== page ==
When the Kansas Chamber of Commerce recently referred to the need to control Kansas government spending and taxes, a few politicians and newspaper editorial writers embellished what the Chamber actually said in order to make their own political points.
Posts tagged as “KASB”
Are those who question or oppose the need for additional spending on Kansas schools opposed to education? Melinda Fritze, who is chair of the Andover Parent Legislative Council, says so
A new report by the Kansas Policy Institute provides some insight into the voracious appetite of the Kansas school spending lobby for taxpayer dollars: There's never enough.
Last week the Kansas House Education Budget Committee heard testimony on HB 2728. The key provision of this bill is that Kansas school districts would be required to have a minimum of 10,000 students. It also requires conforming to a common chart of accounts, and that school finance information be placed on the internet.
Friday's press event held by ACT (Advocates in Communities Team) of South Central Kansas provided an opportunity to learn about disabled Kansans and their families, and the challenges they face from reduced spending by the state.
The stories told at the event and in supplementary materials are compelling. If there is a role for government-provided services to those who can't help themselves, these are the people.
Yesterday I reported how Kansas school spending advocates lie about facts in order to score political points with their constituencies. Today we again see how the school spending lobby distorts facts, this time in a very substantial way concerning an important matter.
As the debate over the funding of Kansas public schools goes on, sometimes facts get lost in the shuffle, and school spending advocates sometimes invent "facts" in order to score political points by criticizing those working to bring inconvenient facts to light.
Today's edition of Under the Dome Today -- that's the house organ of the Kansas National Education Association or (KNEA, the teachers union) -- contains a story with the headline "Anti-Government Group launches another attack on public education."
A more accurate headline might read "School spending advocacy group refuses to acknowledge budget solution that Kansas Deputy Education Commissioner Dale Dennis says could be used." But that's a tad wordy.
Mark Tallman, assistant executive director of the Kansas Association of School Boards (KASB), seems to be making the case that spending on education is more important to a state than moderate tax rates. He makes this case as reported in a recent Topeka Capital-Journal article Education a key to prosperity.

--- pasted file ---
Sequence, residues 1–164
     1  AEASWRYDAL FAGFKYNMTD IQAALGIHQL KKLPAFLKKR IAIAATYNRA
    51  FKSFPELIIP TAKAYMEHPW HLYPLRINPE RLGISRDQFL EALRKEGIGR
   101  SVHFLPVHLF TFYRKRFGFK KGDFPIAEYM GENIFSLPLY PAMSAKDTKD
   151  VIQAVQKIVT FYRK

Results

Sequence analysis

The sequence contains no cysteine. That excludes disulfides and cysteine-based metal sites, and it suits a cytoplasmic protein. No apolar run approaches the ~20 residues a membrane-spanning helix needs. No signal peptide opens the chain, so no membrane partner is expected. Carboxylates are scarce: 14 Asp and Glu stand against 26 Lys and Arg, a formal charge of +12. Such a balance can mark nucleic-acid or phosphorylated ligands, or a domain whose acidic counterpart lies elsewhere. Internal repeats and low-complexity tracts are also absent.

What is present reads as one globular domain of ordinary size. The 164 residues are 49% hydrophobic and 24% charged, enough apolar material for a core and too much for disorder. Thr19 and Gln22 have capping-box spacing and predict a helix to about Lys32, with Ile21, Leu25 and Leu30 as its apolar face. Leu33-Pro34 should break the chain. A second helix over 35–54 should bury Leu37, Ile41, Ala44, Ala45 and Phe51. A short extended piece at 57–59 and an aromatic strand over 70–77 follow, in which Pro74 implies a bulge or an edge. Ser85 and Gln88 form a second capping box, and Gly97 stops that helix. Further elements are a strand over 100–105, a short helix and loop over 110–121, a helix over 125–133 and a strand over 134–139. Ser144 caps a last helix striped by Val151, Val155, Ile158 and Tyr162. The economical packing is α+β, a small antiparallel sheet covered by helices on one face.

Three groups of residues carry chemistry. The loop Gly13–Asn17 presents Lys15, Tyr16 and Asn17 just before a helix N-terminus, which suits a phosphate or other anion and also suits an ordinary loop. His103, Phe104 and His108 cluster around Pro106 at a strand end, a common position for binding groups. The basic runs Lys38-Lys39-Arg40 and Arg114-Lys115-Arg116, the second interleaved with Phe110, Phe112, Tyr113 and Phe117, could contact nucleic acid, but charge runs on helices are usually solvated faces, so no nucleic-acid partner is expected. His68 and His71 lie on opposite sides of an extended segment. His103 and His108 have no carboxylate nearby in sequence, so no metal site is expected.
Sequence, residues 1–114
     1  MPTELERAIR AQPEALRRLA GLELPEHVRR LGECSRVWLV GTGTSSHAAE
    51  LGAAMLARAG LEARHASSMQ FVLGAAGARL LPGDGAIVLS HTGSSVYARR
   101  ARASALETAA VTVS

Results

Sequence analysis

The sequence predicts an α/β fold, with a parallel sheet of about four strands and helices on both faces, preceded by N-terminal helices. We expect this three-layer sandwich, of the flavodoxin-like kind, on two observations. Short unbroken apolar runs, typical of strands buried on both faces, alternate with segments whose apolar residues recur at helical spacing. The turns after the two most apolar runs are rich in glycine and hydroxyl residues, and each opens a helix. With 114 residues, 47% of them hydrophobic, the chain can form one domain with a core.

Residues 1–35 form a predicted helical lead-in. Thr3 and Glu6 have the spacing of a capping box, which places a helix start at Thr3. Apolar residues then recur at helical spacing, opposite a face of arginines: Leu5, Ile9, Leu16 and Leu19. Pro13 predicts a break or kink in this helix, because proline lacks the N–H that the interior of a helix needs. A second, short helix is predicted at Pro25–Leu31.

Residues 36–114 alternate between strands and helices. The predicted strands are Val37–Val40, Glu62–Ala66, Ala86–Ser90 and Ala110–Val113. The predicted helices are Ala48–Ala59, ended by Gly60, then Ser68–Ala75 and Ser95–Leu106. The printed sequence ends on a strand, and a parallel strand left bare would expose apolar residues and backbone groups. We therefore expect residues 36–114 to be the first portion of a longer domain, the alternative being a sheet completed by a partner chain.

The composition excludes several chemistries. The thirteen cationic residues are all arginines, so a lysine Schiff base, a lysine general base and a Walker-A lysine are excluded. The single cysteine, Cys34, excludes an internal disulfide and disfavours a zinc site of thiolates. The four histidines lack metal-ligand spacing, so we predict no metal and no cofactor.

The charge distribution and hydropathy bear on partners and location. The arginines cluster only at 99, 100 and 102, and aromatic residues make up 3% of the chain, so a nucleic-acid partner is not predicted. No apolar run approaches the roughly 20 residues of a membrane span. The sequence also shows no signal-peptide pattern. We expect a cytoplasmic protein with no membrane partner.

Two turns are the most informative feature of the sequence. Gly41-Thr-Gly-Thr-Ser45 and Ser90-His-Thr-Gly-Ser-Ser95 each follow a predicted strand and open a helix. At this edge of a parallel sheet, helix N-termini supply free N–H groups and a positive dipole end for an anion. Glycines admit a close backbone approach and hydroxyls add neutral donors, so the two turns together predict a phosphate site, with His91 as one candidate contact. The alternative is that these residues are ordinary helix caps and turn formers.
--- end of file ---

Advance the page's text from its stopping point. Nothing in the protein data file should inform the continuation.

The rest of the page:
As reported: "Tallman said action next year by Kansas lawmakers to cut spending rather than increase investment in education through tax hikes would weaken student instruction and damage prospects of long term growth in the economy."
The following testimony from John Todd explains some of the harmful effects of taxpayer-funded lobbying. Isn't it terrible that that interests of governmental bodies like the city and county you live in or your local school district are different from your interests? As John explains, local government has become a special interest group, and like other such groups, it must lobby for its own interests.
As the residents of Wichita consider whether to vote for the $350 million school bond issue proposed by the board of USD 259 (Wichita public school district), be aware that the bond issue and its associated increase in property taxes is not the only tax increase the public schools in Kansas would like to have. The following article from Karl Peterjohn explains.
Thank you again, Karl Peterjohn of the Kansas Taxpayers Network, for your insights into the Kansas Legislature's special session.
The Kansas house begins their 10:30 AM session with a constitutional amendment to reassert their fiscal powers in a key vote for this special session. Last Sunday a similar amendment failed getting only 73 of the 84 (2/3) votes needed to be submitted to voters.
Yesterday's house vote on school finance tied the $140 million in additional funding to the passage of an amendment in the constitutional battle between the court and the other two branches of Kansas government. Yesterday, the governor declined to state her position on the constitutional amendment proposals but many legislators believe that she is holding house democrats away from any amendment.
The vote last Sunday was critical since the senate had already passed this amendment and house approval would have allowed Kansas voters to have a voice in this crisis. Kansas voters continue to be largely disenfranchised in this process.
What has been missing from the school finance debate is perspective. Sadly, the figures tossed about by the various sides do not reflect numbers that most Kansans can easily relate to understanding. Should government school spending be raised by $161 million or $86 million?
What is the higher priority? Should the Legislature send $143 million more to schools or preserve the form of government our forefathers carefully designed over two hundred years ago? The separation of powers doctrine is fundamental to maintaining our free society because it maintains a balance of powers with the judiciary unable to control the budget. That is until last Friday when the Kansas Supreme Court blurred the lines and came out with a ruling that the Kansas Legislature should appropriate an additional $143 million to the K-12 schools, for starters. The Court expects $568 million more after that.